world war ii: partisans

Partisans of Vilna: Zog Nit Keyn'mol
Lyrics - Hirsh Glick (1922 Vilna, Lithuania – 1944 Estonia)
Partisans of Vilna: Zog Nit Keyn'mol

World War II Jewish Resistance Song (1986)

English Translation:

Never say that this is the end, the final road.
Wherever a drop of our blood fell, there our courage will
grow anew.
This song, written in blood, was sung by a people fighting
for life and freedom.
Our triumph will come and our resounding footsteps will
proclaim “We are here!”

From land of palm-trees to the far-off lands of snow.
We shall be coming with our torment and our woe;
And everywhere our blood has sunk into the earth
Shall our bravery, our vigor blossom forth.

We’ll have the morning sun to set our days aglow;
And all our yesterdays shall vanish with the foe.
But if the time is long before the sun appears,
Then let this song go like a signal through the years.

This song was written with our blood, and not with lead;
It’s not a song that summer birds sing overhead;
It was a people, amidst the toppling barricades,
That sang this song of ours with pistols and grenades.

So never say you now go on your last way,
Through darkened skies may now conceal the blue of day,
Because the hour for which we’ve hungered for is near,
Beneath our feet the earth shall tremble, “We are here!”

7

Women Who Fought “Like Men”

1: Guerda Taro, a Republican fighter and journalist in the Spanish Civil War.
2: Harriet Quimby was the first woman to gain a pilot’s license in the United         States in 1911.
3: Roza Shanina (1924-1945) Soviet sniper during WWII
4: Juana Galán was known for beating Napoleon’s troops out of her village during the Battle of Valdepeñas in June, 1808. 
5: A female member of South Vietnam’s village militia companies goes on patrol with her M-16 at the ready, c.1971.
6:  Verna Erikson, 1918, one of the few women students at the University of Technology, was in the “Whites” party (versus the communist “Reds”) in the country’s brief but bloody civil war. She smuggled arms for the Whites. Here, she posed with a gun and 1,350 rounds of ammunition, about to smuggle them across the city under her fashionable coat.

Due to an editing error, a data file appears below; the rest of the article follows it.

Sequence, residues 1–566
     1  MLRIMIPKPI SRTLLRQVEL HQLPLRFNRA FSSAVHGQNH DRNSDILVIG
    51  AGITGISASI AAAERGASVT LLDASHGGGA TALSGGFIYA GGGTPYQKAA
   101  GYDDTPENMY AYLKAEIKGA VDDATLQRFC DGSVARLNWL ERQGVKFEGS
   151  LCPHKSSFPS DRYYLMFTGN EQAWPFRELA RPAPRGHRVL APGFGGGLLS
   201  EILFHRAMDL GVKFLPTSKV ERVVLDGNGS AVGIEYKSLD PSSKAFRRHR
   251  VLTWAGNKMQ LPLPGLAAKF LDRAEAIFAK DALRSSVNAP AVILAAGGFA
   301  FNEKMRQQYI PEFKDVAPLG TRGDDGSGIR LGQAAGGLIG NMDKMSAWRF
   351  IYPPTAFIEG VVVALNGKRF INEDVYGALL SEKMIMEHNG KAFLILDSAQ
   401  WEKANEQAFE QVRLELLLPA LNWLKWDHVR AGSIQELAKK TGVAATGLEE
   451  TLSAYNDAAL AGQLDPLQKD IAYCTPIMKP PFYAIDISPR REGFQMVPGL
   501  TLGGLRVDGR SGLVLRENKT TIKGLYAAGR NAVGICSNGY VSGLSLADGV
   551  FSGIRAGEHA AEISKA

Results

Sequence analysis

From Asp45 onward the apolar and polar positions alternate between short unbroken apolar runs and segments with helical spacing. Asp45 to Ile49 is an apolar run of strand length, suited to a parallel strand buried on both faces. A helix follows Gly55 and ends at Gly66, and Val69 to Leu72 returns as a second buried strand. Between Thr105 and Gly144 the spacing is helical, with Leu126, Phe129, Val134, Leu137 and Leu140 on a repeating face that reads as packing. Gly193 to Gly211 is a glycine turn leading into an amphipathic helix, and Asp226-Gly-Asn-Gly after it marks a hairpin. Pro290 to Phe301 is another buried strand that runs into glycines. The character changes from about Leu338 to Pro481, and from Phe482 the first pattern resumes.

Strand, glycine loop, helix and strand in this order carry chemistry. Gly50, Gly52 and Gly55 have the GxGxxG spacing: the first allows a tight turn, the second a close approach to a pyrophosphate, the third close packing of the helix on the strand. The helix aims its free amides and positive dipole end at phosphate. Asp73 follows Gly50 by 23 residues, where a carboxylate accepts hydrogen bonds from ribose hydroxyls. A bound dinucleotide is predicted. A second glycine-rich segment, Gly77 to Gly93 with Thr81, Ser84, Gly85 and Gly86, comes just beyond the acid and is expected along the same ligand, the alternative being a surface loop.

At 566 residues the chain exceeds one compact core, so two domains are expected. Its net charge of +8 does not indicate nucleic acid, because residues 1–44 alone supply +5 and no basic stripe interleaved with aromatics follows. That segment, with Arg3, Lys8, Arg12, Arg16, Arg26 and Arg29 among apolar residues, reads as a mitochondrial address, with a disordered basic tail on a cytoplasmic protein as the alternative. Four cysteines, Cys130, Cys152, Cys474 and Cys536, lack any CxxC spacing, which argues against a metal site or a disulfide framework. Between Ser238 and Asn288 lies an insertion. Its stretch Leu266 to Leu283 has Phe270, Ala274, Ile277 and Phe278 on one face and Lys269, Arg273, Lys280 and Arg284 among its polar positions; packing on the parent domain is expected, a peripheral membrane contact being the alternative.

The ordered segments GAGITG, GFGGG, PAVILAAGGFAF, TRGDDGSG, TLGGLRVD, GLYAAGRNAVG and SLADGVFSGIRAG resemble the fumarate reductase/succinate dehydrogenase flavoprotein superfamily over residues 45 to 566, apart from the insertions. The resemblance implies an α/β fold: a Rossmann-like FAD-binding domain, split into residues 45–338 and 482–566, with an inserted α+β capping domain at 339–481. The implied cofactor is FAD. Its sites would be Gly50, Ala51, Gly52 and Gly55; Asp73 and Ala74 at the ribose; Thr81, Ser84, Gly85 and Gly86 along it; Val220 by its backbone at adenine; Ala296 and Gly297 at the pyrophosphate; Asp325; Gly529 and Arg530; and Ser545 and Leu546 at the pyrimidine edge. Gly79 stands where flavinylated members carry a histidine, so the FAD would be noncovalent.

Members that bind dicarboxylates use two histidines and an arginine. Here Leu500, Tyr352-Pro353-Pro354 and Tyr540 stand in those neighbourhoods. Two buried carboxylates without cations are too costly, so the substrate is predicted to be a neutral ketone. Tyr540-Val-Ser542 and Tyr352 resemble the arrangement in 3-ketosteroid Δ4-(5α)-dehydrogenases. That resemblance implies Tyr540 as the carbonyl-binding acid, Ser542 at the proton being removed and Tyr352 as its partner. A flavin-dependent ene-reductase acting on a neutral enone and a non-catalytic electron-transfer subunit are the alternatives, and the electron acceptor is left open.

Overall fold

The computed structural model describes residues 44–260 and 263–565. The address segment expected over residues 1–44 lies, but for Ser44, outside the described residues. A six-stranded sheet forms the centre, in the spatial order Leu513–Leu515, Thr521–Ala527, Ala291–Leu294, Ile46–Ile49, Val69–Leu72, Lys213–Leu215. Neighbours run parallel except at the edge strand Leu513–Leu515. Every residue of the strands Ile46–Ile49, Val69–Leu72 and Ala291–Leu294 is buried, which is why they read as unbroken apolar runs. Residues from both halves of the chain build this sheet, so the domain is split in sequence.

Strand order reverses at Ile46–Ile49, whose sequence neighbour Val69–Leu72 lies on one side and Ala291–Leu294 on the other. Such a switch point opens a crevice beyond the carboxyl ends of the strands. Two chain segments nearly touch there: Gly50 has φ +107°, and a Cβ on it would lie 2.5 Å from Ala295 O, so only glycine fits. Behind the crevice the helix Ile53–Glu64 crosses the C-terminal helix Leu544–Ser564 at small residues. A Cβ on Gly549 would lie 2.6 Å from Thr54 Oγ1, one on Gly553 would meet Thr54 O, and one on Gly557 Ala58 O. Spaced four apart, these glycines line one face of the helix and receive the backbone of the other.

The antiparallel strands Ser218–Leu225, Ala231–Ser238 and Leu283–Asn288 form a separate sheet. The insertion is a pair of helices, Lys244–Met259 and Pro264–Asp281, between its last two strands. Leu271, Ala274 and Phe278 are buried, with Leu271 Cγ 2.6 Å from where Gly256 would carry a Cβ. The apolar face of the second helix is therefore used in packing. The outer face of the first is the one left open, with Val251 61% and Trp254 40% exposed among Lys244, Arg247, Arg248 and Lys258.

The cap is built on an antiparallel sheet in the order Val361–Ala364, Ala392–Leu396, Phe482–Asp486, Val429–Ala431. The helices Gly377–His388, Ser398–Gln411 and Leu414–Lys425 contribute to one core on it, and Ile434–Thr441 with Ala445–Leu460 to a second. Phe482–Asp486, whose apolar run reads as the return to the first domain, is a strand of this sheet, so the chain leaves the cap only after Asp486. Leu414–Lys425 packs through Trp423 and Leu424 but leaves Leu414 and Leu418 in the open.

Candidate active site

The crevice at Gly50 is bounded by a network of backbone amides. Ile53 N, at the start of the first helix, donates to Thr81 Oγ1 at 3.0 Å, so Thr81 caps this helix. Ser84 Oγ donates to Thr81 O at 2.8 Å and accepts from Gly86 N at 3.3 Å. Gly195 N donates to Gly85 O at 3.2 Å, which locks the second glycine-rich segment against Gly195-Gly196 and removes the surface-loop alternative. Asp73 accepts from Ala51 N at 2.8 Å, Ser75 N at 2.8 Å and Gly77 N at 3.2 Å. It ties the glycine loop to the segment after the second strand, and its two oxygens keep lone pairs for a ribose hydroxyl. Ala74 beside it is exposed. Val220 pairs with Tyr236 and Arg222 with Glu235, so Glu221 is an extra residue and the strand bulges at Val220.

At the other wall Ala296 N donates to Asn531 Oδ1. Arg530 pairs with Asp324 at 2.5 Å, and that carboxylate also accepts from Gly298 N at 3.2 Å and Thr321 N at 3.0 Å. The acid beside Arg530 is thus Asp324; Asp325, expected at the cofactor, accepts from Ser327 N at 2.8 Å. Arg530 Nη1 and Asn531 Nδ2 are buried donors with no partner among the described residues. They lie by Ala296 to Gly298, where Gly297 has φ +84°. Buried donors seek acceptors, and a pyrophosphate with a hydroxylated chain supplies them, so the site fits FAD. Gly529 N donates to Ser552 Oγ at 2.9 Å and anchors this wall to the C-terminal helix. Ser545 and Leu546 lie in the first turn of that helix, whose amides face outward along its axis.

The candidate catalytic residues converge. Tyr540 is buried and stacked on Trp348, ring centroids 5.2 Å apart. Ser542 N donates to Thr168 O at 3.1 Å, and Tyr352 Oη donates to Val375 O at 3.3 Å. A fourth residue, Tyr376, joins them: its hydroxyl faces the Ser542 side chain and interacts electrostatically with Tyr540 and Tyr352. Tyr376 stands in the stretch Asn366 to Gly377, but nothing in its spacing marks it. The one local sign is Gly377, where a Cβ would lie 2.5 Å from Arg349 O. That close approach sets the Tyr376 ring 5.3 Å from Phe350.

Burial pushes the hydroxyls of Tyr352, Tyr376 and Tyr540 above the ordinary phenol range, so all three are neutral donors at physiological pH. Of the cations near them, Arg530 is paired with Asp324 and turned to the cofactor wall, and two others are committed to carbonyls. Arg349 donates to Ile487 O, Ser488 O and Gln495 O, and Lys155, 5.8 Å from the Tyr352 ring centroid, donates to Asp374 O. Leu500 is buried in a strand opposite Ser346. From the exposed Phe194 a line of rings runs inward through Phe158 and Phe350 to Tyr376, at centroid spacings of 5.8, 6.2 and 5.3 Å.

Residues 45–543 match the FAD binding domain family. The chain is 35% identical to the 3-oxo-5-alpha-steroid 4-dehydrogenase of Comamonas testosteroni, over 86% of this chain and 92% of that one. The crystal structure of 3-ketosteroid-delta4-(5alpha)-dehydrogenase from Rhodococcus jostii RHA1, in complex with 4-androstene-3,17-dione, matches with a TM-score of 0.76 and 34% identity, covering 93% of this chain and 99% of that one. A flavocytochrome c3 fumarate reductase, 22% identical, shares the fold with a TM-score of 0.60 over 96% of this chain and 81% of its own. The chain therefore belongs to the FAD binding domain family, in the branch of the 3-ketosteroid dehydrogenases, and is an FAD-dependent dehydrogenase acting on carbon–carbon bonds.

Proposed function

7: A Yugoslav partisan fighter in World War II. She fought against the Nazis under Tito.

“A group of young Jewish resistance fighters are being held under arrest by German SS soldiers in April/May 1943, during the destruction of the Warsaw Ghetto by German troops after an uprising in the Jewish quarter.”

(AP)

2

The Jewish Avengers

During World War II a large group of former Jewish partisans and Holocaust survivors formed a post war underground organization called the “Nokmim”, also known as the “Jewish Avengers”.  The goal of the Jewish Avengers was simple, to avenge the deaths of the Holocaust, mostly by hunting down former Nazi war criminals.  They worked in small cells of 4 or 5 people, with cells located all across Germany and Europe.  It was not uncommon for cells to even travel to South America to hunt down Ex Nazi’s who had made their home in Argentina or Brazil.  Typically the Nokmim would perform assassination missions, killing a target on the spot. In one incident a Nokmim agent injected a former Gestapo leader with kerosene while he was being hospitalized for an illness. They would also abduct targets, sometimes while disguised a Allied soldiers making an arrest, then take the prisoner into a secluded area, hold a mock trial in which summary judgment was passed, then execute him.  At first Nokmim members would simply shoot a condemned Nazi, but later they adopted strangling as their favored execution method. In the post war 1940’s and 50’s, they were responsible for the deaths of hundreds of ex Nazis.